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SummaryMy favorite NES title
The GoodAfter having played the dated "A Link to the Past" and the insufferable "Majora's Mask", it is kind of peaceful to go back to basics and enjoy the original Zelda. Simplicity is key and a lot of titles in the 80's stayed simple, but while staying simple, The Legend of Zelda also provided almost unmatched depth.
The part of Hyrule we are allowed to explore is HUGE and filled with interesting locations and secrets that you have to find. It is already rare to see a game that uses a full overworld as opposed to levels, but it is even rarer to see an NES title that does it this well. As you walk around Hyrule, the screens go past you without loading time, if you leave the screen it transitions to the next one just as smoothly as Super Mario Bros.
As mentioned before the Overworld is literally filled with secret areas to be found, some of these are simply filled with some currency, but others can be part of side-quests or reward you with new and interesting items to use in your adventure, I have even seen instances where a secret turned out to be the entrance to one of the key areas.
Just when I got over the initial surprise the Overworld had in store for me, I ran into the first temple/dungeon which introduced me to the actual goal of the game. As Link you are tasked with tracing down a number of hidden temples and obtain the pieces of the Triforce that are hidden within, this Triforce is the key to defeating Ganondorf, a monster that is holding the princess of the kingdom prisoner. These temples are very entertaining because they are all sprawling and full of monsters and best of all, it doesn't take too long to get through them once you went into all the side-paths found all the keys (take note, ALttP).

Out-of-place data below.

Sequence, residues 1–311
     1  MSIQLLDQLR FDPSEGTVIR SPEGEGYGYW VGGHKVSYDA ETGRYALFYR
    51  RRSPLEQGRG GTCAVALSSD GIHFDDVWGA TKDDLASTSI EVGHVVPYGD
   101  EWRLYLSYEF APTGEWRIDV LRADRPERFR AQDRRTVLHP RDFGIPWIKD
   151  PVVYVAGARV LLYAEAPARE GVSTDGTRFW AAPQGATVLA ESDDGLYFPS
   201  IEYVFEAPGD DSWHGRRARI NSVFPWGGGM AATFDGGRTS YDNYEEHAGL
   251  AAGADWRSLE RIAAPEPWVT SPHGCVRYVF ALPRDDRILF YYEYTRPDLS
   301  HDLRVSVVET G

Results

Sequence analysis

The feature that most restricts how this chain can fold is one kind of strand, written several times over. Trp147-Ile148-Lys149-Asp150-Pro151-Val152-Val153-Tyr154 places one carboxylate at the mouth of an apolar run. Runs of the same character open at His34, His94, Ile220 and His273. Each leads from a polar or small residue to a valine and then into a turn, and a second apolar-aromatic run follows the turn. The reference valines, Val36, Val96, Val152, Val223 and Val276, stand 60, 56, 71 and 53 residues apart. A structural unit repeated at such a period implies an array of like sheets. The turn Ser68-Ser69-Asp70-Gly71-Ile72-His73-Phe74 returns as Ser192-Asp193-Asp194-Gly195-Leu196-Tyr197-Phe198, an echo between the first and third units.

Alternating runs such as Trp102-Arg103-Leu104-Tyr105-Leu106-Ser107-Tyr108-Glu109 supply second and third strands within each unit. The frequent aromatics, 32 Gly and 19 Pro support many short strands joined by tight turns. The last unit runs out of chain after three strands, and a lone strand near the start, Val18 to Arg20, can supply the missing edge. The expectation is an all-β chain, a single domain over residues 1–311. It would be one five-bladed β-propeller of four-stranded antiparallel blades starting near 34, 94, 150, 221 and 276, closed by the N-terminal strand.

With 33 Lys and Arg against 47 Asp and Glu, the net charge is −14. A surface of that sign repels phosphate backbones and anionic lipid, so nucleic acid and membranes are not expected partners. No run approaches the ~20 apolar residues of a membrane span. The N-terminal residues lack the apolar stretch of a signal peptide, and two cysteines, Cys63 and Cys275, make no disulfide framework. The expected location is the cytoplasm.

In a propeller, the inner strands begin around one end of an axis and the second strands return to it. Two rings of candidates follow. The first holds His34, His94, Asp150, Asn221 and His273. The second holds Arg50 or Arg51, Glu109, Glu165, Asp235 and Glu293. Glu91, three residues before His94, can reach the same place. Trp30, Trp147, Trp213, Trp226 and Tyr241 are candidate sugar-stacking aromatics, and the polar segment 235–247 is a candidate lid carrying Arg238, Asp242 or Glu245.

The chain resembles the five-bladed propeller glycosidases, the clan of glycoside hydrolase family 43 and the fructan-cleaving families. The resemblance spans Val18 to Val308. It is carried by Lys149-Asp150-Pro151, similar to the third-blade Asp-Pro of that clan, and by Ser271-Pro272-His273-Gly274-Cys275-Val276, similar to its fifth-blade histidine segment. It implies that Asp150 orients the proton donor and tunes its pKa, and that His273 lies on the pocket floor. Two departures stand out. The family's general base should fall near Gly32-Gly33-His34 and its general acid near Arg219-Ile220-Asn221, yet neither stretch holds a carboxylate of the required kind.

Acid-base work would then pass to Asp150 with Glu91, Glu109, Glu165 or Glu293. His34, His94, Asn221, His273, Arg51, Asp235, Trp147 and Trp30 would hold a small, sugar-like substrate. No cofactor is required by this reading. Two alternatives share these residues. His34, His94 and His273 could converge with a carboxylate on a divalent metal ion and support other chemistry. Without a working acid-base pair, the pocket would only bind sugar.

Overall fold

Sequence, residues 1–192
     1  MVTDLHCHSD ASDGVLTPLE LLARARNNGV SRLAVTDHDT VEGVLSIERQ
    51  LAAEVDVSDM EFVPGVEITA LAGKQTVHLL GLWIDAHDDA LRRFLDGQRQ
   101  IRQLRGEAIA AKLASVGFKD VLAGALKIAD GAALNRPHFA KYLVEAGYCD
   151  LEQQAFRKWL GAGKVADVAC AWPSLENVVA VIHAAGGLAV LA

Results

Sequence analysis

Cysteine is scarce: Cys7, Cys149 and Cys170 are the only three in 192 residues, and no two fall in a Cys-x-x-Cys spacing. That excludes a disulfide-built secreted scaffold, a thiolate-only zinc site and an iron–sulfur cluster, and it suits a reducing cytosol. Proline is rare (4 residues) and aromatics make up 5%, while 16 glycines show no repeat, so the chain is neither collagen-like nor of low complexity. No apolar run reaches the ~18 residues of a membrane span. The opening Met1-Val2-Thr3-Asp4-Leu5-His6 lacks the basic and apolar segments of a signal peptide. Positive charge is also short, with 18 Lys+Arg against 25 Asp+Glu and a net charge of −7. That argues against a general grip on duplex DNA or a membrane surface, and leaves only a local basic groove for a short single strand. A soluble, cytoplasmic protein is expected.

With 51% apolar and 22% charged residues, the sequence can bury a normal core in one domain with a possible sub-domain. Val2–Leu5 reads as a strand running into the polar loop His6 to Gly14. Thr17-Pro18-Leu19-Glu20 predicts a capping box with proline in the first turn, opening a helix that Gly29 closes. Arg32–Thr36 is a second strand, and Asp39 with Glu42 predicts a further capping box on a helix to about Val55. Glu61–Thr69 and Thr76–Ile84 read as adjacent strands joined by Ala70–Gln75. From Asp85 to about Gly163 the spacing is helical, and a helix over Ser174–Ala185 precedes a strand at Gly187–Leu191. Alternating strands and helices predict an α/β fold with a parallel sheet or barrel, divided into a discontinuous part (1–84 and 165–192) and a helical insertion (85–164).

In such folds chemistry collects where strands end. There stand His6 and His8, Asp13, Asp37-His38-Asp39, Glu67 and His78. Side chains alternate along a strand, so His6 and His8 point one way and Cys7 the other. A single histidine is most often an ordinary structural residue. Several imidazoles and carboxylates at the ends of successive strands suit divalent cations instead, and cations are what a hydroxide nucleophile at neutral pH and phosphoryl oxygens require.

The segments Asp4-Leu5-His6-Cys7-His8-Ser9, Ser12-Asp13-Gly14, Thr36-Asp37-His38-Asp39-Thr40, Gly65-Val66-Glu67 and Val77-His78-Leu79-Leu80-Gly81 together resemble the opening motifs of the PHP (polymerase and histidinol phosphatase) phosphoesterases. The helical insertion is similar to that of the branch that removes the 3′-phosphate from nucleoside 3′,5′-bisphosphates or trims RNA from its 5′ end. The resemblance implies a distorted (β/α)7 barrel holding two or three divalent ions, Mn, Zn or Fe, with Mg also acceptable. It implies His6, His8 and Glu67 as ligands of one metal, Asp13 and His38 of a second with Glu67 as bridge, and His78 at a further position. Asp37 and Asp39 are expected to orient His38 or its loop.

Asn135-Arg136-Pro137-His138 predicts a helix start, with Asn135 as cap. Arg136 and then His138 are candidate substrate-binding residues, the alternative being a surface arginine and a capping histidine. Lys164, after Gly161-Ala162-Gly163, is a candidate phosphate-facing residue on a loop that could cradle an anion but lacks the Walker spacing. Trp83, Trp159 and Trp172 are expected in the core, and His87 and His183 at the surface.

There is a huge amount of enemies that you can encounter on your travels and most of them require a different approach or weapons to beat. The Darknuts for example require that you stab them from the side or back, but a bomb would be more effective while a standard blob (no idea what they are called) just require a bit of timing when they are stabbed, but a boomerang should not be used against them. Enemies also make frequent reappearances in later dungeons and the bosses are very challenging (plus they turn up again in later dungeons as mini-bosses, just to punish you).
The difficulty curve is really well mapped out, as you progress through the story both your health and items improve, plus there are secret areas where you can upgrade your sword for better models. However at the same time the enemy ranks swell too and not only do they come in higher numbers, but they also start working together to form deadly combinations and some of the later enemies can kick your ass faster than you can run back to the exit.
The BadI have to admit that while A Link to the Past's interaction with characters was absolute crap, here there are barely any characters at all. There are a few people hidden in caves, but they act even more demented (read: out of place) than the ones from Ocarina of Time. I lost count of how many times I walked into a room and some old lady sat there with important information, that she forced me to pay or play a game for. Sorry lady, but a few rupees aren't going to help you much while you are stuck in a cave surrounded by monsters, demanding payment from the only one who is doing something against them.
There is little to no information regarding the location of the temples, I respect the game for been the first ever popular sandbox game, but unless you find a map somewhere in a game store, you are going to have a tough time getting anywhere. The first few temples aren't too bad and just demand a bit of exploration, but later ones will need you to use certain items in very specific locations. There were also annoying locations that refused to let you leave the screen unless you did a very specific cycle of entering and leaving the area without giving you any indication that you are doing it right.
The Bottom LineThe Legend of Zelda's legacy should be enough to tell you that the original was quite a hit, while I prefer Twilight Princess and Ocarina of Time, it is still a very decent adventure. While the story is kind of flat and the Overworld might be a little confusing, I feel comforted by the richness of the experience and the enjoyable gameplay that keeps me hooked for hours.
Playing it anno 2011 is limited to the nostalgia-fans and collectors, but if you are interested in gaming history, it is a stop worth taking. Skyward Sword is one the way though, so my advice is to keep your money in your pocket for that first!